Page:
Cinematic repression

The Reader translates an interior-voice tome into cinema

REVIEW Falling ill from scarlet fever on a mid-1950s Berlin street, strapping 15-year-old schoolboy Michael Berg (David Kross) experiences kindness from passerby Hanna Schmitz (Kate Winslet) that he seeks to repay when he recovers some months later. The brusque, moody woman more than twice his age brushes him off, initially. But then they commence an affair in which she proves a very astute erotic tutor, though she resists the emotional connection he feels. A decade later, as a law student, he discovers Hanna's secret while spectating a Nazi war crimes trial. Decades later still, grown-up Michael (Ralph Fiennes) recollects these events as they've weighed on his subsequent life. David Hare's very sharp screenplay takes some liberties adapting Bernhard Schlink's novel. But in general, the screenplay and director Stephen Daldry (2002's The Hours, 2000's Billy Elliot) do an exemplary job transutf8g a primarily interior-voice tome into cinematic terms. Like other recent successful films about emotional repression (2005's Brokeback Mountain and the forthcoming Revolutionary Road, for instance), The Reader is most moving precisely in its rigorous restraint, directorial and performance-wise.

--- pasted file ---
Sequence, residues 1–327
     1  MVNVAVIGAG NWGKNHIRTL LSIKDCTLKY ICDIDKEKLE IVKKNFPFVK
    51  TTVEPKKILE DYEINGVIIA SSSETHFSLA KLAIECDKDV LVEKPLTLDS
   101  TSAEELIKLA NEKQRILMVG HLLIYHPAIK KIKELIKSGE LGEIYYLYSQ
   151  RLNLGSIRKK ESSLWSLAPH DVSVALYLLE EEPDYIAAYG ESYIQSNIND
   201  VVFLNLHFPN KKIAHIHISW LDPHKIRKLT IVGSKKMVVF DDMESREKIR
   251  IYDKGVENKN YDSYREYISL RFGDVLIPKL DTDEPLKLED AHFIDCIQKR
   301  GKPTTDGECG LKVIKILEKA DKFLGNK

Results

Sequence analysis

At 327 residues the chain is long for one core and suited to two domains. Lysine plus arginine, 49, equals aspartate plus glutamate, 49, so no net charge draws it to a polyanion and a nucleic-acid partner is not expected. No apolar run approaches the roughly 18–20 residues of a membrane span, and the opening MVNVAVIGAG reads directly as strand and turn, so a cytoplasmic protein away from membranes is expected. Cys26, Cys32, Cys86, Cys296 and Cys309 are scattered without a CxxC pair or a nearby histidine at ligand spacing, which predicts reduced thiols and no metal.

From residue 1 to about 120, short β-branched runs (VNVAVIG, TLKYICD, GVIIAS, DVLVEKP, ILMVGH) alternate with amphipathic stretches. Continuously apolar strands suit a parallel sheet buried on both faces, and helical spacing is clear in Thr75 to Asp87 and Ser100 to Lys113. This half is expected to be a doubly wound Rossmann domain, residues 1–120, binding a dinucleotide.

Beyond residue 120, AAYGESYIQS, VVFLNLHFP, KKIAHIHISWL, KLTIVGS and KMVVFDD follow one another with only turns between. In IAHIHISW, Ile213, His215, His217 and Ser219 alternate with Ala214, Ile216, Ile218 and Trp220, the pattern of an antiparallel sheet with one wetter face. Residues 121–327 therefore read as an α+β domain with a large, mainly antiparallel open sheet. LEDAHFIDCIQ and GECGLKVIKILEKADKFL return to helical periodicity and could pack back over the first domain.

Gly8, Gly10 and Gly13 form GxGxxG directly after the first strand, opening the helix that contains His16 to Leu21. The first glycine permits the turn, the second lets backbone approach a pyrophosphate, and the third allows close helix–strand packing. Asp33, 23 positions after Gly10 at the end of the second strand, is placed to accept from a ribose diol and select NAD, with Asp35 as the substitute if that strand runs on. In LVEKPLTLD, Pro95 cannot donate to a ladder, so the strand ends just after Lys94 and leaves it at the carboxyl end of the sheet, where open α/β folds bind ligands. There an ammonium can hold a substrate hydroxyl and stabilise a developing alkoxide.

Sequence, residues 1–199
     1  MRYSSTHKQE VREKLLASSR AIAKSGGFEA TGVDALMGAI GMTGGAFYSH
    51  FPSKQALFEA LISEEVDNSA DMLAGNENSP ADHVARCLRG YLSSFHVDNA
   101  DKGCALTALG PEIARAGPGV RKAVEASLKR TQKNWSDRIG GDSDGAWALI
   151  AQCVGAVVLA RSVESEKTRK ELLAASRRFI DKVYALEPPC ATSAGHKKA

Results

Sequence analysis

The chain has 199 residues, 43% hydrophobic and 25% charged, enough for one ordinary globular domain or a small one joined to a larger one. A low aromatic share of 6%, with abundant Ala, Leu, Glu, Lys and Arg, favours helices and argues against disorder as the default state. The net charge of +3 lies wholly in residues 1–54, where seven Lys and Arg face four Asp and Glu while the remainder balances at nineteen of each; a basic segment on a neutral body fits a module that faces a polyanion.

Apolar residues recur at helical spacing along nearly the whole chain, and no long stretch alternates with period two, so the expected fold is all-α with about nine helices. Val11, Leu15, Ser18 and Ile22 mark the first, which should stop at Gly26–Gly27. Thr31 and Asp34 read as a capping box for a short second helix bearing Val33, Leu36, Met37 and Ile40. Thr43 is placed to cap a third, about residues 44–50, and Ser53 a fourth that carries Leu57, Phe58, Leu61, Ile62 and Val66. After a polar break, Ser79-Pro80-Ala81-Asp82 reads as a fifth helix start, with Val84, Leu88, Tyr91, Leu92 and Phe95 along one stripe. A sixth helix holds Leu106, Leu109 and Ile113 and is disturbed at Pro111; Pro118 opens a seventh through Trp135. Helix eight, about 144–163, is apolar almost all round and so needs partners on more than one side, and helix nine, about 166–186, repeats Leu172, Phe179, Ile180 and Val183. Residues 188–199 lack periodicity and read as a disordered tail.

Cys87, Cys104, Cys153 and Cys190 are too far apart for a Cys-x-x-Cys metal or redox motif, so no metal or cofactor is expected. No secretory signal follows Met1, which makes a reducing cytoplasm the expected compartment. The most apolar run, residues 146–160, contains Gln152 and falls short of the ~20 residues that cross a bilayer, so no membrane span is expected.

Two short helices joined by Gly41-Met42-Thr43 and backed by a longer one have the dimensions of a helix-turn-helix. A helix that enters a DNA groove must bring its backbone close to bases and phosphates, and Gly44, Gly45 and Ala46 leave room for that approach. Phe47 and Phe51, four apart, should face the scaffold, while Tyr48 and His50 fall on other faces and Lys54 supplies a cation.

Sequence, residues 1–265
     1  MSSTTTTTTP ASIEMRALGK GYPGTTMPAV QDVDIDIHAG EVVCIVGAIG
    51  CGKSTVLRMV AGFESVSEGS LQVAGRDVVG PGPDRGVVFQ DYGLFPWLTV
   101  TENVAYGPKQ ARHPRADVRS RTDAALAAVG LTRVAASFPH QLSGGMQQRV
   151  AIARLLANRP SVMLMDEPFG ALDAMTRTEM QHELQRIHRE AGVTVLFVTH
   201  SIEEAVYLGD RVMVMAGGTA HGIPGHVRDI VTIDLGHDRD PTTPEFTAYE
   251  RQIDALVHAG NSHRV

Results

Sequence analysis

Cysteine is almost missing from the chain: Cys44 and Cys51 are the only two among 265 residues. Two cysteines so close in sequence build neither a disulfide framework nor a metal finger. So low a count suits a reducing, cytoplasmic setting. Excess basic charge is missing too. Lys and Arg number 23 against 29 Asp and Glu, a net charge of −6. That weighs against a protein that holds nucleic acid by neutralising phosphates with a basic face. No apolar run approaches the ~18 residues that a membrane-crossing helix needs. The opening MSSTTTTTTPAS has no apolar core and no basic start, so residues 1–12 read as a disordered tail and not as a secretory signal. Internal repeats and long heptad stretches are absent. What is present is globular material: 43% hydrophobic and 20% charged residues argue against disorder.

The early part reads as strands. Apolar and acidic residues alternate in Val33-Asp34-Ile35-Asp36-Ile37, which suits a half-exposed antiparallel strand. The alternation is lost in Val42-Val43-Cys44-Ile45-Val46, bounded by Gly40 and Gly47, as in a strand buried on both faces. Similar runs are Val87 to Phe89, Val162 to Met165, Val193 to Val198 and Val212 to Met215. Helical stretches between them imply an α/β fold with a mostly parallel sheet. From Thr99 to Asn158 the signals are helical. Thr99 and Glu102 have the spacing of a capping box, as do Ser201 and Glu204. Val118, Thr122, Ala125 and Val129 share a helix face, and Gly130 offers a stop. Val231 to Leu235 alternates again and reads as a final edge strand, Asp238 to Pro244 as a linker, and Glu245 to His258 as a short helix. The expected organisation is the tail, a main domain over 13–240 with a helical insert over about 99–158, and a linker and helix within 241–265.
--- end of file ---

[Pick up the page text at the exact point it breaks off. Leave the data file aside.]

THE READER opens Fri/12 in San Francisco.

Also from this author

  • Cel mates

    Mill Valley Film Festival screens vintage and innovative animated features

  • Urban decay

    A family struggles to survive in crime drama 'Metro Manila'

  • Flynn and out

    Hollywood-scandal tale 'The Last of Robin Hood' comes up short

  • Also in this section

  • Cel mates

    Mill Valley Film Festival screens vintage and innovative animated features

  • Bridgeworthy

    More Mill Valley Film Festival picks

  • You better recognize

    Under-the-radar artists (and a misunderstood legend) get their due in Mill Valley Film Fest doc